End of “Through the Looking-Glass”

Chapter VIII: “It’s My Own Invention”

1. “This took a long time to manage, though Alice held the bag open very carefully, because the Knight was so very awkward in putting in the dish: the first two or three times that he tried he fell in himself instead” (AA 237).

I love when Carroll manipulates physical dimensions, allowing a whole man to fit inside his saddlebag. I think transcending the physical restrictions of reality is an essential element of the imagination. Plus, this passage reminds me of Hermione’s all-consuming bag in Harry Potter, on which she casts a spell that extends the internal dimensions of the bag without affecting its external appearance.

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Hermione’s bag

Chapter IX: Queen Alice

2. “‘[The White Queen] never was really well brought up,’ the Red Queen went on: ‘but it’s amazing how good-tempered she is! Pat her on the head, and see how pleased she’ll be!’ But this was more than Alice had courage to do” (AA 257).

The Red Queen is a bit more subtly mean here than her counterpart in Alice’s Adventures, who was quite verbose about wanting certain heads removed. She treats the White Queen like an animal, marveling over how “good-tempered” she acts and asking Alice to “pat” her on the head. One thing that I didn’t understand about this passage, however, was the last line. Does Alice view patting the queen on the head as a nice gesture, and thus, she doesn’t have the courage to simply be so forward? Or, is she aware of the degrading nature of the act, and doesn’t have the courage to be so belittling? I’m a bit confused as to how Alice’s “courage” plays into it.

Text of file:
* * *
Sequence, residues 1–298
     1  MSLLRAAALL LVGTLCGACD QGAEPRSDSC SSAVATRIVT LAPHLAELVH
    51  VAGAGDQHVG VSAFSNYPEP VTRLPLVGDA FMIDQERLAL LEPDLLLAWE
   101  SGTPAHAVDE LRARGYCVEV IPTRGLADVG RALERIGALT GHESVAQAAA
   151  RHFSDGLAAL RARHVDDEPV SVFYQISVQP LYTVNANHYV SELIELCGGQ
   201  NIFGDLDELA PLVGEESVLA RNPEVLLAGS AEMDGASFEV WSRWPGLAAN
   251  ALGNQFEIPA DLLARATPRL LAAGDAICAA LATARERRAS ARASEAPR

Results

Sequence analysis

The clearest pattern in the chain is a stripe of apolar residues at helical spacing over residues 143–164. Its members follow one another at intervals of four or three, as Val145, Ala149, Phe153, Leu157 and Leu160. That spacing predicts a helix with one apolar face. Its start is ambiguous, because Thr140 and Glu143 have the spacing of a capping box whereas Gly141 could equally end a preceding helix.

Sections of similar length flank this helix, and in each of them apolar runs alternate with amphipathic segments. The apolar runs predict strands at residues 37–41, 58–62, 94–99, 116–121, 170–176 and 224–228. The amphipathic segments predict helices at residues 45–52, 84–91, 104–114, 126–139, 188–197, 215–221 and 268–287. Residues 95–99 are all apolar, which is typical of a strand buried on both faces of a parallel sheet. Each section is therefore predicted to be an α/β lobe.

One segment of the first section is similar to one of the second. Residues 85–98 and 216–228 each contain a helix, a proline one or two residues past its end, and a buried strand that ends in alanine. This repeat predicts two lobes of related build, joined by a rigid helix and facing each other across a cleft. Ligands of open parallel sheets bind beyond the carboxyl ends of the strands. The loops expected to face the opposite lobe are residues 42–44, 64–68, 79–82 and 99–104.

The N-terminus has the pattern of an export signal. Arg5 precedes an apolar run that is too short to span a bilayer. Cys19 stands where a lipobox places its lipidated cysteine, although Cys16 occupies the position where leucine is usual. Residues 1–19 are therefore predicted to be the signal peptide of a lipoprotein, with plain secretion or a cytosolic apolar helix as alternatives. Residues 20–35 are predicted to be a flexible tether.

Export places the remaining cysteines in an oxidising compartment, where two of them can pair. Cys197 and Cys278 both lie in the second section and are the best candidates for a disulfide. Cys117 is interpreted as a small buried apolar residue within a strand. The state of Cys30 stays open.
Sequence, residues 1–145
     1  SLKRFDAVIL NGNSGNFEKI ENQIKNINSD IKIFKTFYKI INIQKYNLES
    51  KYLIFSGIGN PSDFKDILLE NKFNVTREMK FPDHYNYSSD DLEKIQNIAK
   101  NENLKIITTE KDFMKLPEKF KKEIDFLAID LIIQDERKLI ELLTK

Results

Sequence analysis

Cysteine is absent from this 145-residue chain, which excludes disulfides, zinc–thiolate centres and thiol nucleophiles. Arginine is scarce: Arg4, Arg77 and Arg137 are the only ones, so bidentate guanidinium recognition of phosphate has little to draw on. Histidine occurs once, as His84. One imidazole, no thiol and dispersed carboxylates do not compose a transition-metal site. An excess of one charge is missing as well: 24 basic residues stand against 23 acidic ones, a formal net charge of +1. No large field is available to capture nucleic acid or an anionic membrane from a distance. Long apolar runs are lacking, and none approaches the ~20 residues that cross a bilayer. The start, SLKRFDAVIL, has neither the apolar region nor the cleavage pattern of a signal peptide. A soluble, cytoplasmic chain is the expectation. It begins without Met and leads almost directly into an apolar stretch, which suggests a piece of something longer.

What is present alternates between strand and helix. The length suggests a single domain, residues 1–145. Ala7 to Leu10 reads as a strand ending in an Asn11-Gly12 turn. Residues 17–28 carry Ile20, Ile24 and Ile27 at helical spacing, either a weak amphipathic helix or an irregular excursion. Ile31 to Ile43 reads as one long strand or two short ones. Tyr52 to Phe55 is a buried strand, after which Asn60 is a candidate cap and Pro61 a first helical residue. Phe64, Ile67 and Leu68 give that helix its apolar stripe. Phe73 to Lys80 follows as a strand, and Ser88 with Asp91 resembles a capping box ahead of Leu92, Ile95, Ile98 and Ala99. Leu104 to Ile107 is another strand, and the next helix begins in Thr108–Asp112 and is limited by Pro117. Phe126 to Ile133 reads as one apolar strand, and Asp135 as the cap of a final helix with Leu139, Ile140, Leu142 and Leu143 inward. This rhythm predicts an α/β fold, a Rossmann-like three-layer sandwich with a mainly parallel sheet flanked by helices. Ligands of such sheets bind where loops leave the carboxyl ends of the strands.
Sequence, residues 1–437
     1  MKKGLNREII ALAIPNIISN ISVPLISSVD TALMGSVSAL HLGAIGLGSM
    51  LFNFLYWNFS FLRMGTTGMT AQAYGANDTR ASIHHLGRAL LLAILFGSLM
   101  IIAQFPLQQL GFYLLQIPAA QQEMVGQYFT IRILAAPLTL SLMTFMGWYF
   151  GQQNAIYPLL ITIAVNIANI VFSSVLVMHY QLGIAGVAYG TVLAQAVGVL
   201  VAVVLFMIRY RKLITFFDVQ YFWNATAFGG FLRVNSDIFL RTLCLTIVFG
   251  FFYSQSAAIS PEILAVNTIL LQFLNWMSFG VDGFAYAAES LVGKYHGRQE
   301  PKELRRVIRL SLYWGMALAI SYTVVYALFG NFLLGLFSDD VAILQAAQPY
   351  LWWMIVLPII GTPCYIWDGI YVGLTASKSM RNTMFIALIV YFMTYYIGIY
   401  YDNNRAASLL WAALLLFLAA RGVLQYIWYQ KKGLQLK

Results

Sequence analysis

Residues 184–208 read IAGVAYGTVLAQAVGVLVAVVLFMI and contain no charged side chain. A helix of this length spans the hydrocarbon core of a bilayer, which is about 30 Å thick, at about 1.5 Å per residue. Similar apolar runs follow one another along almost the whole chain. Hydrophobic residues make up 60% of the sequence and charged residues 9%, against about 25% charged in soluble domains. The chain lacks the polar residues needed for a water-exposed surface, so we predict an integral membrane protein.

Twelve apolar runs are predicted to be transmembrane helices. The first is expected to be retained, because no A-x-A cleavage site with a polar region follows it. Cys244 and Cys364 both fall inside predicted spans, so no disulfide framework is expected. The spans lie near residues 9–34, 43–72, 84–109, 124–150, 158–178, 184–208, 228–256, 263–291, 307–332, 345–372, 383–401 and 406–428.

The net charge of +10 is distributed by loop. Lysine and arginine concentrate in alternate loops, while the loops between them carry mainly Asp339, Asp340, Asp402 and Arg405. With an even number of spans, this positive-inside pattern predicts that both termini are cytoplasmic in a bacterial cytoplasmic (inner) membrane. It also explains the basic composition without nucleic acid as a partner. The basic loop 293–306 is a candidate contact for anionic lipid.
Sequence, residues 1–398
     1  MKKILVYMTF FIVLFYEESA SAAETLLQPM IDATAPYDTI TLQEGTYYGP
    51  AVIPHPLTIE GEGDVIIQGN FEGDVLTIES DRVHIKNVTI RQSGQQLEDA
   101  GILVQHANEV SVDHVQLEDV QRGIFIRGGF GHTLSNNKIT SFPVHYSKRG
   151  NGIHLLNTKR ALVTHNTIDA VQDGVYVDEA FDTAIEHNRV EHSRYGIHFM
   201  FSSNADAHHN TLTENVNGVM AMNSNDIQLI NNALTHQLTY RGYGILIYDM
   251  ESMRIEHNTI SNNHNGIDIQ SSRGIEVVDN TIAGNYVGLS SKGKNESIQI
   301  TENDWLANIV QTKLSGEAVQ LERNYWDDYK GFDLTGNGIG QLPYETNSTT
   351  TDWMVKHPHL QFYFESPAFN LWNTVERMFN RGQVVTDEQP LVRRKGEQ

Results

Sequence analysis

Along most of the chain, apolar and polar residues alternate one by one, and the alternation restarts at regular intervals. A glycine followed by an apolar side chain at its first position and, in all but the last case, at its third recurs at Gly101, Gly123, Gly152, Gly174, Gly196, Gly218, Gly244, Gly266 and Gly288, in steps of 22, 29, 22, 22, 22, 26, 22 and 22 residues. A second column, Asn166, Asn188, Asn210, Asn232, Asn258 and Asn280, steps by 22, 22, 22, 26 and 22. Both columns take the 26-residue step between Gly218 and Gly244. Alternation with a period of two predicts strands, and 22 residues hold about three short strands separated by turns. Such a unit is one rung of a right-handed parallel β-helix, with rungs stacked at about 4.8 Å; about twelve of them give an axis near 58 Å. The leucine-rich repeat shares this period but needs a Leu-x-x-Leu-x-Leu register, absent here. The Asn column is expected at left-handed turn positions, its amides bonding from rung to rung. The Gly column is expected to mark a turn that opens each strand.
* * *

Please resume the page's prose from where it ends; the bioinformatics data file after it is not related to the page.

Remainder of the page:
3. “‘What is it, now?’ the Frog said in a deep hoarse whisper.

Alice turned round, ready to find fault with anybody. ‘Where’s the servant whose business it is to answer the door?’ She began angrily.

‘Which door?’ said the Frog.

Alice almost stamped with irritation at the slow drawl in which he spoke. ‘This door, of course!’” (AA 259).

We witness a side of “Alice, the Bad” in this scene, who seems to be overcome with a queen’s pretentious sense of self-importance after seeing the inscription “Queen Alice” over a door. Even though Alice has been on the receiving end of many creatures’ irritation (the Duchess’s, the Mad Hatter’s…), she shows no sympathy or patience for the frog. Moreover, the fact that she “almost stamped with irritation” portrays her as a somewhat petulant child, not as a queen.

Petulant children
Petulant children

4. “‘You look a little shy: let me introduce you to that leg of mutton,’ said the Red Queen. ‘Alice—Mutton: Mutton—Alice.’ The leg of mutton got up in the dish and made a little bow to Alice; and Alice returned the bow, not knowing whether to be frightened or amused” (AA 261).

As if we needed any additional incentive to consider Carroll’s portrayal of animals, he literally resurrects Alice’s sheep meat, anthropomorphizing it to the point that it has the courtesy to bow. The Red Queen doesn’t even allow Alice to eat it because they’ve been introduced, and it certainly wouldn’t be “civil” to eat something she’s met.

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Bowing mutton

Chapter X: Shaking

5. “She took her off the table as she spoke, and shook her backwards and forwards with all her might” (AA 267).

As we soon discovery that the Red Queen is actually the kitten, I’m a bit concerned as to how roughly she was shaking poor black kitten. Unlike in Wonderland, reality has consequences for physical tussles.


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